The AS-141 also employs a single, large, printed wiring board, providing a uniform ground plane and mounting surface for the antenna and its components and electrical connections. A single wiring board is less expensive to assemble, provides better unit-to-unit performance match, and uses fewer components, making it more reliable. The design includes a loop of wire wound around the central junction of the ferrite bars, which allows engineers to inject a test signal, permitting automatic, computer-controlled built-in antenna assembly testing after installation.


The AS-141's compact design allows antennas to be placed in a variety of shipboard locations and at angles not normally appropriate for traditional designs.

Building a stealthy antenna

Efficient HF band (nominally 2 to 30 MHz) antennas are traditionally very large; existing land-based HF COMINT antennas are up to 120 feet tall. These large antennas are unsuitable for shipboard use. Current shipboard COMINT antennas include electrically short monopoles (5 to 23 feet), air-cored loops (2- to 4-foot diameter), and ferrite-cored loops (1.5- to 3-inch diameter).

SwRI engineers chose ferrite-cored loop antenna elements for the AS-141 because they are small, exhibit low observability and can be shaped to reduce RCS. Sensitivity, efficiency and antenna reception pattern tests demonstrated that this 2-inch diameter, ferrite-loaded antenna has performance comparable to a traditional 24-inch, air-cored loop antenna but is much stealthier.

RCS testing conducted in an SwRI anechoic chamber validated the design calculations. The anechoic chamber is shielded from outside interference by electrically conductive steel walls, flooring and ceiling, and large pyramid-shaped cones of RAM line its interior. This design permits accurate measurements of the electromagnetic energy reflected from the antenna. The antenna was tested both with and without RAM applied. While using RAM produces a lower RCS, even without RAM the AS-141 antenna has a significantly reduced radar signature compared to existing designs.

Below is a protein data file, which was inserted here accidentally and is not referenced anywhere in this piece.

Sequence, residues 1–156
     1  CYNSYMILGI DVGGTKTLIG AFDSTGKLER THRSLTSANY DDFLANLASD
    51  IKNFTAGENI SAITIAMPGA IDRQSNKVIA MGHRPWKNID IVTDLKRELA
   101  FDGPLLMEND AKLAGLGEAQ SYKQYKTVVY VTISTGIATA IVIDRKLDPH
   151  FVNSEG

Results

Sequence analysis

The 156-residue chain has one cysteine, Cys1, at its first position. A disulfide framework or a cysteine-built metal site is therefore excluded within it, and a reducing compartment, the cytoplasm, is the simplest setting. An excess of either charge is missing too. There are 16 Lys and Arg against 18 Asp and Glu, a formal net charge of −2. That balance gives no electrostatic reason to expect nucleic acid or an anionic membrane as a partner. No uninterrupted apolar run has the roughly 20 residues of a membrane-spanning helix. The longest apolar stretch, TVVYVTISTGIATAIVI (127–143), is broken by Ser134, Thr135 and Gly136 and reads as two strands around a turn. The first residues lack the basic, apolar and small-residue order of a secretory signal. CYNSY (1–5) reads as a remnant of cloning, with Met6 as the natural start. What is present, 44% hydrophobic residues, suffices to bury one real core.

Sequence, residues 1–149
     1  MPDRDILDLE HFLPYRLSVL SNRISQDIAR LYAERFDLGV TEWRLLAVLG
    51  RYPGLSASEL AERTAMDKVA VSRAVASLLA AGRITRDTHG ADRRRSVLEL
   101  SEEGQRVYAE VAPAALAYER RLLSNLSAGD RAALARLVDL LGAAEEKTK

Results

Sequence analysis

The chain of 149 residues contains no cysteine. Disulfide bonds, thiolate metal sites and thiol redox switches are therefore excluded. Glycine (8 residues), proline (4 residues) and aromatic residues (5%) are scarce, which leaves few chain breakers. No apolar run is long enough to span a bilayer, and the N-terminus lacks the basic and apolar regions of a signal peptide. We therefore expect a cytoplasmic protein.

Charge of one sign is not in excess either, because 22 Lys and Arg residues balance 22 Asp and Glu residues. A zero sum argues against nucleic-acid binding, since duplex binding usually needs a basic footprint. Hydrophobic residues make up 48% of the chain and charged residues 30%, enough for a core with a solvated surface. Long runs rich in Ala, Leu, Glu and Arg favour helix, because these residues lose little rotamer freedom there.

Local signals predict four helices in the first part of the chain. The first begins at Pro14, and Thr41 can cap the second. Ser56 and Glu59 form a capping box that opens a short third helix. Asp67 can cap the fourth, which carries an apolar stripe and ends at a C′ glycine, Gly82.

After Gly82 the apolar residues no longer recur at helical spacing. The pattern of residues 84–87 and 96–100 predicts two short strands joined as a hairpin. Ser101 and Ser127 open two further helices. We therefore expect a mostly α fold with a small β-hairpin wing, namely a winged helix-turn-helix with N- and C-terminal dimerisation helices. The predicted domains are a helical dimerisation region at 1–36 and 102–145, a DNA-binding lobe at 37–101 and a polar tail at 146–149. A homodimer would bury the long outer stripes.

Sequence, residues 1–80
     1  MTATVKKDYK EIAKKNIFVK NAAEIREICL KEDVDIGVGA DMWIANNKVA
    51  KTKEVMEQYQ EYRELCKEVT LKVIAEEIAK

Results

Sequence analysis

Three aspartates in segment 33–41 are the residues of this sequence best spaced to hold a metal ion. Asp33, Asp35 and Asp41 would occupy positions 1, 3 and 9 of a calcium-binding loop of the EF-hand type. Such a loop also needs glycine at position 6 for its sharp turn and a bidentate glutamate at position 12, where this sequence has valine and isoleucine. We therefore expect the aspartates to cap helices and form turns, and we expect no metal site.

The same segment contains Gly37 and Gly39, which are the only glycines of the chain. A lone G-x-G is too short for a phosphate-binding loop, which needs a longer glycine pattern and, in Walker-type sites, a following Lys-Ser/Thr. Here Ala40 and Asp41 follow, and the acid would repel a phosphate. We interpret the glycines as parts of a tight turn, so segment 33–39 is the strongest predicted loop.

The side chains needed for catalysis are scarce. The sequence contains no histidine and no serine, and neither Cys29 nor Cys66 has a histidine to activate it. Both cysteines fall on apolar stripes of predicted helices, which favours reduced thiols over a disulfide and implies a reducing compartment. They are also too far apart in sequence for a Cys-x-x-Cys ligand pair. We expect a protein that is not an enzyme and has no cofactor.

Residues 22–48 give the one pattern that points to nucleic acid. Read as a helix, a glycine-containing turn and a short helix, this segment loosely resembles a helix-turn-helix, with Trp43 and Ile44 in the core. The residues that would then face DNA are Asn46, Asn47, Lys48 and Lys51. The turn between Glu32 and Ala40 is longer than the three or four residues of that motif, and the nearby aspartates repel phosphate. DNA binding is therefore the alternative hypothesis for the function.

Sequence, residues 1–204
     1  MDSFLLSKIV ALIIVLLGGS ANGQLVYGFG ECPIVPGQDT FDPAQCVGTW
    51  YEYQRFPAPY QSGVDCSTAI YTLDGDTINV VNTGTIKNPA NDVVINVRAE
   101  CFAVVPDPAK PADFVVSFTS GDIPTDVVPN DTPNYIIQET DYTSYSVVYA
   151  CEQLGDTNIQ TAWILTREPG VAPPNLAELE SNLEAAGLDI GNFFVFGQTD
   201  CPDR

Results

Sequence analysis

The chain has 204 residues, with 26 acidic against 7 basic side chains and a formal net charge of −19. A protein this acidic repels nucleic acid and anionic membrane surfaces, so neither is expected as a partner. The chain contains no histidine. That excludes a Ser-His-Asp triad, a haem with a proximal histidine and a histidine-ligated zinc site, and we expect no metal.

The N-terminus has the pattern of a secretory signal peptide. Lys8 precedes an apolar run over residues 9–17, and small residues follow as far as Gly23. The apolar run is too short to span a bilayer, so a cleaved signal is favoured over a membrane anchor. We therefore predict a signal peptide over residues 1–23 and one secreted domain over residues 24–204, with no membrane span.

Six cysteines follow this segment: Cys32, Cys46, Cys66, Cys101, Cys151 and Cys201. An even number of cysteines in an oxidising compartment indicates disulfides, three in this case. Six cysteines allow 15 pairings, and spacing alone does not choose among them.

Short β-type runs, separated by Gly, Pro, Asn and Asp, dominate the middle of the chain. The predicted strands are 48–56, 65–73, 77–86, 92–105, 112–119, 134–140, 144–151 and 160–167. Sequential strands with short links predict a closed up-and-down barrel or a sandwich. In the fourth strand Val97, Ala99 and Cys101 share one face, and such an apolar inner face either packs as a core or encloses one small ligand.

The future generation of U.S. Navy warships is shown in this concept drawing of the DD-21destroyer. The smooth surfaces and lack of topside structures and antennas make it nearly undetectable on the water.

Future applications

The U.S. Navy plans to install AS-141 antennas on the LPD-17, USS San Antonio class ships, currently under construction. The LPD-17 class is an amphibious transport dock ship. Commercial contractors also are investigating this technology for other ship concept designs, such as the U.S. Navy DD-21 next-generation warship. Covert building-mounted applications, as well as aircraft installations, are also potential uses of the AS-141 antenna.

In related stealth antenna developments, SwRI engineers have developed and patented conductive composite COMINT antenna designs for the VHF and UHF radio frequency ranges. These stealthy "plastic" antennas could be used in conjunction with the AS-141 for full frequency range HF/VHF/UHF COMINT coverage.

New ship designs not only call for new antenna materials and designs, but also for a general reduction of the numbers of antennas and co-location of transmitting and receiving antennas. To this end, SwRI is participating in a shipboard antenna design program called IVUL (Integrated VHF/UHF L-band antenna), which seeks to reduce ship RCS by reducing the total number of antennas required.

With its extensive background in shipboard antenna systems design, combined with its cutting-edge work in stealth technology, SwRI will continue to provide the U.S. military with new, more advanced antenna designs.

Comments about this article? Contact Saulnier at (210) 522-3758 or ssaulnier@swri.org.

Published in the Spring 2002 issue of Technology Today®, published by Southwest Research Institute. For more information, contact Joe Fohn.